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Digs In Greece: Australia’s Effort

  • July 7th, 2012
  • Posted by EUEditor

rachel-dig-face.jpgDr Stavros Paspalas cannot remember a time when he didn’t want to be an archaeologist, and said there was never really one “pin point moment” that ignited his passion ignited.
He said he has been fortunate in his career trajectory that has followed has allowed him to fulfil his ambitions, as a proud Greek, from Australia; a man who has always been interested in heritage, and the past.

archeol-stavros-p-_2rew.jpgBorn in Sydney, Dr Paspalas went to school in Edgecliff in Sydney; did his first two degrees at Sydney University., then took a doctorate at Oxford University.

From there it was a research fellowship at the Australian Archeological institute at Athens, and, the position of Deputy Director came up.

In the city for the last 16 years, he works under the Director, Professor Alexander Cambitoglou, with one other full-time staff member.

The AAIA was established in 1980, and is officially a department of the University of Sydney.

Other Australian universities pay to take part in its work, as there is no direct, ear-marked government funding.

It is recognised by the Greek State as being one of around 15 foreign archeological research institutes in Greece, the oldest being the French Institute which was established around 160 years ago.

The institutes are restricted to catering for their own nationals and helping them apply to the Greek Ministry of Education and Culture for field work licences and permissions.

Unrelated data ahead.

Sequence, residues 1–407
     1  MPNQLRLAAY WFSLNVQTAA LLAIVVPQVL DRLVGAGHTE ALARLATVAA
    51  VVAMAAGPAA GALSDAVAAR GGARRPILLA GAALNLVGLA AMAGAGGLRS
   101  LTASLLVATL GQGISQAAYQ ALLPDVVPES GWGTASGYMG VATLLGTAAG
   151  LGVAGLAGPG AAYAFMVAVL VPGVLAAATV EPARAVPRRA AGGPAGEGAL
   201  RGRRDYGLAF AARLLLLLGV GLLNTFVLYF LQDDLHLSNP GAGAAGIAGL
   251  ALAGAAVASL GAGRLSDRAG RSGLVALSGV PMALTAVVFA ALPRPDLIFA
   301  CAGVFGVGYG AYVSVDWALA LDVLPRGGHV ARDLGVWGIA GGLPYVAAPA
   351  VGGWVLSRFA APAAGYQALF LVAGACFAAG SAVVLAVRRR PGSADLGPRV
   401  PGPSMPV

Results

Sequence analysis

Primarily, that involves assisting academics wanting to do research on material that is being held in museums or museum store rooms.

On a grander scale though, if people want to undertake field work in Greece, the Greek government doesn’t want just anyone digging up ancient sites.
The AAIA’s most recent field excavation project was conducted last year in conjunction with a small group of students from Melbourne just outside Sparta.

The AAIA has also excavated, in conjunction with the Archaelogical Society in Athens, a site in the north of Greece called Torone, from around 1974.

Professor Cambitoglou,  excavated another site at Zagora on the island of Andros, during the 1960s and 1970s.1960s.
Dr Paspalas hopes that he and other academics may return there later this year to initiate a second campaign of excavation and research.

The AAIA facilitates efforts by Australians to do studies in archeology and the classics in Greece.